5. I'm usually driving so my 4G phone is good enough.

6. Can't really help you there, fortunately we have good seats and a fairly smooth ride. Best I can say is keep experimenting with different seat positions.

7. I keep a can of spray lube, pliers, wire ties, wire cuters, spare pair of gloves. Plus my personal bag.

8. Please do not buy a truck, it is a horrible time to do so. Next year probably will not be any better.

Banks's Comment
member avatar

1) I always feel the motivation and need to get things done. My goal is generally to make the most amount in the least amount of time.

2) I use a regular small cooler for drinks. I use those blue ice packs because they're reusable and don't leave a mess. Flavored water is my go to.

3) I handle post lunch fatigue by eating a good lunch. My lunch is usually a bag of microwavable steamed vegetables, grilled chicken, boiled eggs and avocado. Takes about 20 minutes to prepare and I make it when I get home and throw it in the fridge. I try to avoid carbs and sugar, but sometimes a peanut butter and jelly hits the spot. The times I have been fatigued, I stop. A 20-30 minute nap works wonders.

4) when I get home, I walk the dogs for 30-40 minutes. When I get back, I start prepping lunch for the next day. I put water to boil and put chicken in the air fryer. While the chicken is cooking and I'm waiting for the water to come to a rolling boil, I take a shower. Then I microwave the veggies, throw it all in a Tupperware and put it in the fridge and then I go to bed. To help with sleep I wrap my head with a folded over towel to cover my eyes and ears (because it's day time) and I turn on the a/c (even in the winter) because it keeps the dogs quiet.

5) wife has 5g, I have 4G. I can't tell the difference. I watch sitcoms when I take a break (Seinfeld, South Park, King of the Hill etc) and I've never had an issue. Sometimes I listen to YouTube videos while driving (premium plays in the background the way music does) and it works fine.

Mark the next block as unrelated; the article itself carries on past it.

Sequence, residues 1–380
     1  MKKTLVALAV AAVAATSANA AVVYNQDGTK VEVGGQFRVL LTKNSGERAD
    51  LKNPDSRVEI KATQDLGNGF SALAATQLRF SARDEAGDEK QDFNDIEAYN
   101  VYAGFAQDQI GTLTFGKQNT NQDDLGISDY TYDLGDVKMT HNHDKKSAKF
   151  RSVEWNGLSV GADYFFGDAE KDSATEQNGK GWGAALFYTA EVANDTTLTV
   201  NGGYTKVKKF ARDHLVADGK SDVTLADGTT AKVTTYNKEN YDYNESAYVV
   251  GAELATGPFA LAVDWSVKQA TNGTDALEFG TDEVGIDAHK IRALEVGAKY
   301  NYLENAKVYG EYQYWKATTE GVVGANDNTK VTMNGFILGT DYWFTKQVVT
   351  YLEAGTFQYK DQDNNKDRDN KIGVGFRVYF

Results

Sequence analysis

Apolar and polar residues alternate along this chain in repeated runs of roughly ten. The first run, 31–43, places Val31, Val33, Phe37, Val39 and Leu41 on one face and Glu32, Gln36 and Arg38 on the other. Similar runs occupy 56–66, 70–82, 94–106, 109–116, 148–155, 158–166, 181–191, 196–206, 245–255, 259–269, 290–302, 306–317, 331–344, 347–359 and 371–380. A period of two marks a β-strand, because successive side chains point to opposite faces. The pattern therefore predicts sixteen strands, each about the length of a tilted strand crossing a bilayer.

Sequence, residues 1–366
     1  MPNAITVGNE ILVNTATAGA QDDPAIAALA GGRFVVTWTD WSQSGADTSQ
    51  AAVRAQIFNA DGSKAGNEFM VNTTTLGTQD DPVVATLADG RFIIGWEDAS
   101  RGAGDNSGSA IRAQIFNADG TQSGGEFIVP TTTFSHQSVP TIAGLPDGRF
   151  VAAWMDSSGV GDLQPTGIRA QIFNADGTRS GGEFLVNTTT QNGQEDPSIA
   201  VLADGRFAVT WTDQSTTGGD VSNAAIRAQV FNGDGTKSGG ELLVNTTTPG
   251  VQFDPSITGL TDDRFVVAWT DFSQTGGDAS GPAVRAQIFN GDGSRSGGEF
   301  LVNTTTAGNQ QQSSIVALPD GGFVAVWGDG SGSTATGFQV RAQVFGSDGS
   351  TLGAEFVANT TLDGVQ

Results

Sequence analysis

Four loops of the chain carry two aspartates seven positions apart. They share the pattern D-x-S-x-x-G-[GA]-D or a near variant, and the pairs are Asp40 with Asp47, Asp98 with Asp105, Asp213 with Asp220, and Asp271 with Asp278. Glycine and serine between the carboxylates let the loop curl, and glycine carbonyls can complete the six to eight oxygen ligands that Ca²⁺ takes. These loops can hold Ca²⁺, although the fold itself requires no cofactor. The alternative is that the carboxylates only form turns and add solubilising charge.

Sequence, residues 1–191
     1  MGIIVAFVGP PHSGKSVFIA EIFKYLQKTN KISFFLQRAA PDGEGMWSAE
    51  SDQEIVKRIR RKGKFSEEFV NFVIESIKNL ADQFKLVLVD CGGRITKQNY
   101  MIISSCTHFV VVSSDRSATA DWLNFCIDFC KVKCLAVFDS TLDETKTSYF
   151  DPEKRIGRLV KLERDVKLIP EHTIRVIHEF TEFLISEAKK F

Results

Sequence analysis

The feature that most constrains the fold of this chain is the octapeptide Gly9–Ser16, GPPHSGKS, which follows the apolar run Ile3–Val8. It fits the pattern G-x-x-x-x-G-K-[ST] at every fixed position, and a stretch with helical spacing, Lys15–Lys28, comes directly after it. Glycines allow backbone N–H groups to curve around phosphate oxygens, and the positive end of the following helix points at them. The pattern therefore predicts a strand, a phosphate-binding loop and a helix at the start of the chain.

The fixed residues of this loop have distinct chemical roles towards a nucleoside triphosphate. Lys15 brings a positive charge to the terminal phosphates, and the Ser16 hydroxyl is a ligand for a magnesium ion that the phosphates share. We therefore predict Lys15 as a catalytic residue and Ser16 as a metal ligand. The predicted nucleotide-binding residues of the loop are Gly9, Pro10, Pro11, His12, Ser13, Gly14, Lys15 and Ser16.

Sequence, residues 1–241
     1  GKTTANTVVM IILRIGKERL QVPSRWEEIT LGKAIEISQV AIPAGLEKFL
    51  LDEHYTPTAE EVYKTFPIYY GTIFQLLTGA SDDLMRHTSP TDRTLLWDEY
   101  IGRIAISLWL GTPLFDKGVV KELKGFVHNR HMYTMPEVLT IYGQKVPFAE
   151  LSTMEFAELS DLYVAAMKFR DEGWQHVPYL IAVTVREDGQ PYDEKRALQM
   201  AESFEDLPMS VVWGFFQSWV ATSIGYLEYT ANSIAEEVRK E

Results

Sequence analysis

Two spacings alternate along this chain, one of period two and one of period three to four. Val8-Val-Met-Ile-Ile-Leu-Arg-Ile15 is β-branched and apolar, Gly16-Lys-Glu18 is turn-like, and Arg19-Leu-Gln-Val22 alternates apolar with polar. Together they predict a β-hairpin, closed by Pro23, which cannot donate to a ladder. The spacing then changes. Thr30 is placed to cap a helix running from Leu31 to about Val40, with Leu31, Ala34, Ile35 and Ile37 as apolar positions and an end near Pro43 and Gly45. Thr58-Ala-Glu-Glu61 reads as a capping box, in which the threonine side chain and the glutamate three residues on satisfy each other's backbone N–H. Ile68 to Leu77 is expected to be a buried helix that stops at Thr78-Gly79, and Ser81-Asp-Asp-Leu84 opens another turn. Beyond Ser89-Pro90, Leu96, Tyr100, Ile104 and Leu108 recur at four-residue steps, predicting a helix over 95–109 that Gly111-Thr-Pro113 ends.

6) Not an issue for me. My Peterbilt is very comfortable and has a bunch of seat buttons that gives me too many options. If your back is sore, it's probably a lumbar support issue. Roll a towel and put it behind your lower back while driving. If that helps, then invest in something better and you should be fine.

7) I keep rubber grommets for glad hands and a pick to change them. I keep a hammer, a bottle of coolant, mirror wipes and a spray bottle of soapy water to find air leaks. I wipe down the interior every Saturday and air fresheners give me a headache.

8) Newer trucks focus on fuel efficiency. I won't get into the o/o stuff.

DAC:

Drive-A-Check Report

A truck drivers DAC report will contain detailed information about their job history of the last 10 years as a CDL driver (as required by the DOT).

It may also contain your criminal history, drug test results, DOT infractions and accident history. The program is strictly voluntary from a company standpoint, but most of the medium-to-large carriers will participate.

Most trucking companies use DAC reports as part of their hiring and background check process. It is extremely important that drivers verify that the information contained in it is correct, and have it fixed if it's not.

HOS:

Hours Of Service

HOS refers to the logbook hours of service regulations.
Rob S.'s Comment
member avatar

I'm also local and home every night. I do pretty much the same as the guys mentioned. We are slip seat so my go bag has plenty of bleach wipes and enough zip ties and tarp straps to get me home. If I expect a long wait for unloading I'll bring along a small pillow. It makes a whole of difference to take off my boots and turn sideways, even if only for 15 or 20 minutes.